Network security is a top priority for any company, and especially those that handle sensitive information. But it’s not a DDoS attack or hack that brought the UK’s National Health Service (NHS) to its knees today; it’s a single, blank email sent to 1.2 million employees.
As The Register reports , a blank email with the subject line “test” was initially sent out to a small number of recipients on a “CroydonPractices” distribution list. Somehow, the email then found its way into the inbox of every single employee with a NHS.net email address. And as is typically the case in these situations, some of those recipients responded (to everyone) asking to be removed from the list.
, a blank email with the subject line “test” was initially sent out to a small number of recipients on a “CroydonPractices” distribution list. Somehow, the email then found its way into the inbox of every single employee with a NHS.net email address. And as is typically the case in these situations, some of those recipients responded (to everyone) asking to be removed from the list.
You can imagine the pain that followed. As many as 80 recipients are thought to have responded to the email using “reply all.” So the initial 1.2 million emails quickly increased to tens of millions. The NHSmail servers have been struggling to cope ever since, with a delay of up to three hours being for email delivery.
The name of the person who sent the initial email hasn’t been made public, but we know they are a “senior ICT delivery facilitator.” The NHS tech support team has responded by warning of email delays, but seems to be on top of the problem .
The name of the person who sent the initial email hasn’t been made public, but we know they are a “senior ICT delivery facilitator.” The NHS tech support team has responded by warning of email delays, but
“As soon as we became aware of the email we deleted the distribution list so that no one could respond to it. We anticipate the issue will be rectified very soon,” an NHS Digital spokeswoman told The Register.
For the rest of the day, at least, it’s probably best if NHS staff refrain from sending any emails that aren’t vitally important. I suspect measures may now be put in place to ensure sending an email to over a million people with the push of a button is no longer possible at the NHS.
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OK, Politicians are not ill-educated but they are ignorant. In my fairly broad experience, politicians, local government officials, film stars, media celebs, sportsmen, bureaucrats, – are pretty ignorant on the whole. Surely you must have noticed that?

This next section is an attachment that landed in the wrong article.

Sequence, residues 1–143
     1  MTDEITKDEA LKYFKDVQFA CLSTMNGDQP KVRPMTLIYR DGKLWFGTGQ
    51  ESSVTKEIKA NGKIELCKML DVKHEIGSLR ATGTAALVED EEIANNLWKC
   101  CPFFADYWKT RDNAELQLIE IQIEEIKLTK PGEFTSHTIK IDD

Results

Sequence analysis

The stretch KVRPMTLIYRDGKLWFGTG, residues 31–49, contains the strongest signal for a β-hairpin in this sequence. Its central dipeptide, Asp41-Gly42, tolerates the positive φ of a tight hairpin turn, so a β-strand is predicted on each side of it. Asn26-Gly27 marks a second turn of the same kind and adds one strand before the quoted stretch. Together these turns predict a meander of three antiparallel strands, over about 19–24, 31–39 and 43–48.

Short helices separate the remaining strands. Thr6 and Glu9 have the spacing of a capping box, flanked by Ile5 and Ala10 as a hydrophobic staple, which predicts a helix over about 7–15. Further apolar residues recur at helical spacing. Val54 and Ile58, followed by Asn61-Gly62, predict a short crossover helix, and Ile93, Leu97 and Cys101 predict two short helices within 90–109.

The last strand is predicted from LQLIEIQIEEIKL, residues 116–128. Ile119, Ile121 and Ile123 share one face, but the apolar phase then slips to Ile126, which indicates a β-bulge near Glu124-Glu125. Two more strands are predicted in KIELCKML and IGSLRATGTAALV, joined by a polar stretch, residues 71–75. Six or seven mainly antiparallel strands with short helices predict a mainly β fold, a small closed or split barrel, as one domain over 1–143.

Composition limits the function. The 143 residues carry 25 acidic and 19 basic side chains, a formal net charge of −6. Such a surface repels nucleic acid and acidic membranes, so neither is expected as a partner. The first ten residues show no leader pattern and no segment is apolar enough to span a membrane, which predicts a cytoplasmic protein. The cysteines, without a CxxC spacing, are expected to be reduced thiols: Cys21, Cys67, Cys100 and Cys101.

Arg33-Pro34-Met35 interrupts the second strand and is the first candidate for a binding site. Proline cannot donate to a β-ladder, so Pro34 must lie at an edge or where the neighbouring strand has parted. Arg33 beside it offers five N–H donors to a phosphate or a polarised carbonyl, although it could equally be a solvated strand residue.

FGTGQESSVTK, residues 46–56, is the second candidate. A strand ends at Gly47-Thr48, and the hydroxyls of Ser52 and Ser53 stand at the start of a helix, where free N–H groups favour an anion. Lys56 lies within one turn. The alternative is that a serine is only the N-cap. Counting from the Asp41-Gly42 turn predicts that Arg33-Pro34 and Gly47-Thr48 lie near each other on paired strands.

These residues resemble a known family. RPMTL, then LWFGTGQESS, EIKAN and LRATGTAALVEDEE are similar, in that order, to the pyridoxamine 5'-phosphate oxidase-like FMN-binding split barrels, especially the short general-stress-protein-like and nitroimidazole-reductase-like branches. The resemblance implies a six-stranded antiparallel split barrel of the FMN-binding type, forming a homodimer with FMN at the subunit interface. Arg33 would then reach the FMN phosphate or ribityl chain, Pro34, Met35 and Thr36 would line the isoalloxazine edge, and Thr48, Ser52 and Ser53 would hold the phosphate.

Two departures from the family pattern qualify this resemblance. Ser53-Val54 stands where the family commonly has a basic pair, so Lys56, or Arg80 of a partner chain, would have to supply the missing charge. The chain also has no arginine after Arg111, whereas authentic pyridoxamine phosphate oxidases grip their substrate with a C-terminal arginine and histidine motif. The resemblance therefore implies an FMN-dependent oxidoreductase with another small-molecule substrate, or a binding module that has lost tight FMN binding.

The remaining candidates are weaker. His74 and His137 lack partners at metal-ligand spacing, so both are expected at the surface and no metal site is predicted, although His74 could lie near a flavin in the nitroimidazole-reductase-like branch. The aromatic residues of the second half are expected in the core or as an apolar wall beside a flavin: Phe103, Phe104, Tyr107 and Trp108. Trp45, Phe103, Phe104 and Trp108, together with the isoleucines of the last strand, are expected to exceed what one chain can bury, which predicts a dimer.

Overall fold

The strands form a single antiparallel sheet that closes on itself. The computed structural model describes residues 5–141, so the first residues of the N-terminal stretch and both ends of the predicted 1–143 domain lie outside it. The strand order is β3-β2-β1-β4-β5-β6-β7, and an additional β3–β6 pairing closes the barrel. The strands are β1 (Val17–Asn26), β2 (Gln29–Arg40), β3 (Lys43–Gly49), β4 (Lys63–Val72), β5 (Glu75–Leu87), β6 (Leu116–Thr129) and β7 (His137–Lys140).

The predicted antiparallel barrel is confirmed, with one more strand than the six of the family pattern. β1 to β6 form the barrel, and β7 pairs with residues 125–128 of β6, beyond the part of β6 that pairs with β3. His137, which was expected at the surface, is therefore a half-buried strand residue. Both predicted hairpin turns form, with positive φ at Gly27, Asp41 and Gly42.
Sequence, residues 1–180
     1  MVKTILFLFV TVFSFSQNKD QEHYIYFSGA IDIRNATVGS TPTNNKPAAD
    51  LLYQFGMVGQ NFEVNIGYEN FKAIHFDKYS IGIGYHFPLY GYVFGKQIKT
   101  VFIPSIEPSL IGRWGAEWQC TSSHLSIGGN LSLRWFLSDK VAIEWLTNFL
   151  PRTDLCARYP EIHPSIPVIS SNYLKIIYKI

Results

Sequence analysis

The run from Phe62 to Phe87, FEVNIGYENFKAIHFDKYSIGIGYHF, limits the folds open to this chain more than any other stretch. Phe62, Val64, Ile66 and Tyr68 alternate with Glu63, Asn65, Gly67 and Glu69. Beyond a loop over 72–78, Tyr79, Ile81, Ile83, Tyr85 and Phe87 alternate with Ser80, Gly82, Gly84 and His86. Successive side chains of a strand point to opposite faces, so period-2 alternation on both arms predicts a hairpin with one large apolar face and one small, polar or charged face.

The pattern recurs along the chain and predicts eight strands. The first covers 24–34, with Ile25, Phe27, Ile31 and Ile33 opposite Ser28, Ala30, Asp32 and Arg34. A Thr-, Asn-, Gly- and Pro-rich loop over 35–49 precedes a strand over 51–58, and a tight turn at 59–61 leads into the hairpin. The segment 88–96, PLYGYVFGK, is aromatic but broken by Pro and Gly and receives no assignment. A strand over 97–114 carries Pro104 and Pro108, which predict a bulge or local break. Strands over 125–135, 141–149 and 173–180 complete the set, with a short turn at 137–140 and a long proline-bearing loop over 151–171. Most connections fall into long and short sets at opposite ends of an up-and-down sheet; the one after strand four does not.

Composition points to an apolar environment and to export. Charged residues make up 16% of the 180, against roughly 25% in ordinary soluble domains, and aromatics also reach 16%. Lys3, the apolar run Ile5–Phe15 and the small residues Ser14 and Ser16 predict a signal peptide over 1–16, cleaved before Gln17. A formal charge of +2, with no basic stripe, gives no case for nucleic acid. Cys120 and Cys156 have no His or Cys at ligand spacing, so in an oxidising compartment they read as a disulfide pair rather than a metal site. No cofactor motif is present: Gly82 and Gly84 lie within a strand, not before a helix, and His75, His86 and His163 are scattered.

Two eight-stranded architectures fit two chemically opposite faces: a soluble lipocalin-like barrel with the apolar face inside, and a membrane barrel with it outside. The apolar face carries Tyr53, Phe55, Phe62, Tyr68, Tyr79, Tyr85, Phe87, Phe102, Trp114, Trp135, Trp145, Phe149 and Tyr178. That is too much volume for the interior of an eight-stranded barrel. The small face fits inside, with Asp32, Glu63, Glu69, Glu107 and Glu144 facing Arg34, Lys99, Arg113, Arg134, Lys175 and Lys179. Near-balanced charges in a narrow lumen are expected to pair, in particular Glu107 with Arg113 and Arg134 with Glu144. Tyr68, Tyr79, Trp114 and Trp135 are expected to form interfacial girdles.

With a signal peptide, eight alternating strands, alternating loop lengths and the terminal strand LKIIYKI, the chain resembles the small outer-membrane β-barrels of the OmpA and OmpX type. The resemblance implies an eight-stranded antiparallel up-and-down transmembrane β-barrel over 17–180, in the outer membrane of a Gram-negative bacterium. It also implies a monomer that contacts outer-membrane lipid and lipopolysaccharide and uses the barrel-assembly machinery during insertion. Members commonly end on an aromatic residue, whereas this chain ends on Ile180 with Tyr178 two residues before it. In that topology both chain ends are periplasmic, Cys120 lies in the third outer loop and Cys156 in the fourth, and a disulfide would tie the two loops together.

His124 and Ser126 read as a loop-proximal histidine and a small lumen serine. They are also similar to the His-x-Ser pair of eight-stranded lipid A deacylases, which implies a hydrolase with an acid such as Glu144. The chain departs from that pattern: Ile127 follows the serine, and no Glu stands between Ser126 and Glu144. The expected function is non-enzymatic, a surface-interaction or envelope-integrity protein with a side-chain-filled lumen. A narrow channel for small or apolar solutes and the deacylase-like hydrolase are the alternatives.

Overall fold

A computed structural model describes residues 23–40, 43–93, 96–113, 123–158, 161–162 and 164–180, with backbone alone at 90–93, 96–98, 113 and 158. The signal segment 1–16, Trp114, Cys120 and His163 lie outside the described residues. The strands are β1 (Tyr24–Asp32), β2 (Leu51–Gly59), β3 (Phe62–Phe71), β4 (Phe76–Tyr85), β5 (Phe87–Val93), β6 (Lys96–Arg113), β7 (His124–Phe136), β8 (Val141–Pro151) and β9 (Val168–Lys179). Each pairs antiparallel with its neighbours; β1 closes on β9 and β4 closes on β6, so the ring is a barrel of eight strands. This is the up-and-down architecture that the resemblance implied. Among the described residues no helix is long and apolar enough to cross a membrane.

It might be hurtful to say so, but the Modus Operandi for most of the young middle-class bods leaving University, is to gull money from the Government. Remember, 80% of the Government’s tax income comes from hourly-paid workers and the companies they work for. Some, like yourself, use their educational and social advantages to create useful businesses, employ people and generally contribute to the economy but on the whole, the young educated middle-class use their talents to get money from the Government in order to do whatever they want to do.
If I’m wrong, answer me this: If a skilled tradesman has to borrow money from a bank to do something worthwhile, like setting up a small manufacturing business, how come the educated classes simply use their skills to get their money from the Government, buckshee? Mr Sciville, writing on this blog, did rather well in the RAC FCC last year and it didn’t cost the taxpayer a penny. That’s because he’s one of the skilled tradesman I’m talking about.
It is merely a matter of opinion whether or not Gordon Murry’s new car is any good. I personally don’t think it has a market and it was only conceived in order to qualify for hefty government support. Maybe some company might come along and buy the rights to make it, in which can, I’ll be shown to be the sneering nutter you suggest. Until then, I think it is fair to criticise the PS4.2 million pounds the Project cost.
Certainly, PS500k isn’t enough to put a car like yours into production but that wasn’t your brief. Yours was a prototype; a one-off. Half a million pounds is more than enough to produce a prototype. The question is, what was it a prototype of? Or was it, (be honest now!), just something you wanted to do and because you had the right social positioning, you got someone else pay for most of it?
In my own defense, I was steered away from the TSB by several Venture Capitalists. When I showed them my engines, (the VCs that is) they looked at tme and the technology very carefully and decided to invest. If the engines turn out to be duds or un-commercial, I’ll have to pay them back. The Government simply isn’t interested in this end of the market.
Essentially, the TSB, the Research Council and other funding bodies exists to funnel money into industry by the back door in order to side-step the European restrictions regarding subsidies to industry. It is virtually impossible for small businesses to get funding from the Government unless they are collaborating with the established OEMs. To this extent, politicians DO preside over the grant-making process.